Wednesday, March 20, 2013

1303.3899 (James E. Owen et al.)

Kepler planets: a tale of evaporation    [PDF]

James E. Owen, Yanqin Wu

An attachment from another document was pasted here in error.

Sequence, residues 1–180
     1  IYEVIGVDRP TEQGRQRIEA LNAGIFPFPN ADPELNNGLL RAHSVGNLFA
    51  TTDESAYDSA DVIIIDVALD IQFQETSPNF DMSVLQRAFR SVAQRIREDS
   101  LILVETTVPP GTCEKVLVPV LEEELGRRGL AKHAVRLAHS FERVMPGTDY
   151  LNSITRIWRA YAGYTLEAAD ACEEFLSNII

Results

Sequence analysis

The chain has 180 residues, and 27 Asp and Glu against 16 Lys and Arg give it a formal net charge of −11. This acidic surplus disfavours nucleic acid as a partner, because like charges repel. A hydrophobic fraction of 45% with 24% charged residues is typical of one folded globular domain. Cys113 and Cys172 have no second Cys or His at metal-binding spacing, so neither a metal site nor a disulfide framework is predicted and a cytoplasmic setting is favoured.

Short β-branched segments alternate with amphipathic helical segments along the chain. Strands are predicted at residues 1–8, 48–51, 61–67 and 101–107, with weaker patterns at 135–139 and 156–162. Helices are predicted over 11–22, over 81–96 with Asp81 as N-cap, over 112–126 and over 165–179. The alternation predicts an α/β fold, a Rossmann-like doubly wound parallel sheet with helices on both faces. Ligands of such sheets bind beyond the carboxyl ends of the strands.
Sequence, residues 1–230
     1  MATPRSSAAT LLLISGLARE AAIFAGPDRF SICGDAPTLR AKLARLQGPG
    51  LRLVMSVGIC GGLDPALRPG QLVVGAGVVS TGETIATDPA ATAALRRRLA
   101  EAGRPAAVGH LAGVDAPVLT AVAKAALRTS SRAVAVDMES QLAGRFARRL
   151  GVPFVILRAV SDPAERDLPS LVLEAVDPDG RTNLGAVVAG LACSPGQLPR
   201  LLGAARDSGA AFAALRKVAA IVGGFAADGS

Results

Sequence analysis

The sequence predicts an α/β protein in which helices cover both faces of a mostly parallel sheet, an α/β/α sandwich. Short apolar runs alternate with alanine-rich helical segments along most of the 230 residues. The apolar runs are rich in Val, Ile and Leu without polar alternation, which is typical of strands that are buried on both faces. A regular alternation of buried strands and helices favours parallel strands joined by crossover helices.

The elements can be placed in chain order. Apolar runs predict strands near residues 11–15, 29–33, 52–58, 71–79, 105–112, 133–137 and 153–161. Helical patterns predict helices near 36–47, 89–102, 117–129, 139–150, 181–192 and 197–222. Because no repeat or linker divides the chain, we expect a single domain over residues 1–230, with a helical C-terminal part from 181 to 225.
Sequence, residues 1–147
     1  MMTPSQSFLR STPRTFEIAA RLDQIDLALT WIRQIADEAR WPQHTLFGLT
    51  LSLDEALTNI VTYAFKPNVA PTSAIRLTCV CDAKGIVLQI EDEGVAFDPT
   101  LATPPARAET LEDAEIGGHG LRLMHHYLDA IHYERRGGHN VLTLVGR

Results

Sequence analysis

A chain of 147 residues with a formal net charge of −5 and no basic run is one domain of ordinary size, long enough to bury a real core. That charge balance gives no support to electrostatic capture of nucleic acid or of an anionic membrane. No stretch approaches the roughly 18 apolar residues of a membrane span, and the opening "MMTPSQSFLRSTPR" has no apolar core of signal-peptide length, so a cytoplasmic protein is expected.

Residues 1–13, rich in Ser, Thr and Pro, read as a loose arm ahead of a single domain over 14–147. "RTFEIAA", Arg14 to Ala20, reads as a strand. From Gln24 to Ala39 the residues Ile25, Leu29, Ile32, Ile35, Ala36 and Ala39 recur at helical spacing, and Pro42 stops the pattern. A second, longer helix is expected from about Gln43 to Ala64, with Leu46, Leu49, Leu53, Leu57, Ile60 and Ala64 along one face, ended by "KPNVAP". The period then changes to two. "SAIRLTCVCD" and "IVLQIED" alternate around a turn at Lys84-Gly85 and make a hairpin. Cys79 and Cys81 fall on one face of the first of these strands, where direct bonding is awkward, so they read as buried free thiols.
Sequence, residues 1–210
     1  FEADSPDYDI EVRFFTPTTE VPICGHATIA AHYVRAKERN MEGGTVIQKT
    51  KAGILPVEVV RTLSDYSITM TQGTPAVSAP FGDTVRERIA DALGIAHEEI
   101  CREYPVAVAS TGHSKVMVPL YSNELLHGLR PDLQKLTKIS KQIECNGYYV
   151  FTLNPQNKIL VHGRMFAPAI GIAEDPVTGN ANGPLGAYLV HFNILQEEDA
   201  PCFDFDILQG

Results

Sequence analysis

(Abridged) Inspired by the Kepler planet discoveries, we consider the thermal contraction of planets close to their parent star, under the influence of evaporation. The mass-loss rates are based on hydrodynamic models of evaporation that include both X-ray and EUV irradiation. We find that only low-mass planets with hydrogen envelopes are significantly affected by evaporation, with evaporation being able to remove massive hydrogen envelopes inward of 0.1 AU for Neptune-mass objects. We construct a theoretical population of planets with varying core masses, envelope masses, orbital separations, and stellar spectral types, and compare these against the sizes and densities measured for low-mass planets, both in the Kepler mission and from radial velocity surveys. This exercise leads us to conclude that evaporation is the driving force of evolution for close-in Kepler planets. In fact, some 50% of the Kepler planet candidates may have been significantly eroded. Evaporation explains two striking correlations observed in these objects: a lack of large radius/low density planets close to the stars, and a bimodal distribution in planet sizes with a deficit of planets around 2R_E. Planets that have experienced high X-ray exposures are generally smaller than this size, and those with lower X-ray exposures are typically larger. The bimodal distribution is uniquely and naturally explained by evaporation model, where, depending on their X-ray exposure, close-in planets can either hold on to hydrogen envelopes 1% in mass, or be stripped entirely. To quantitatively reproduce the observed features, we argue that not only do low-mass Kepler planets need to be made of rocky cores overlaid with hydrogen envelopes, but few of them should have initial masses above 20 M_E, and the majority of them should have core masses of a few Earth masses.
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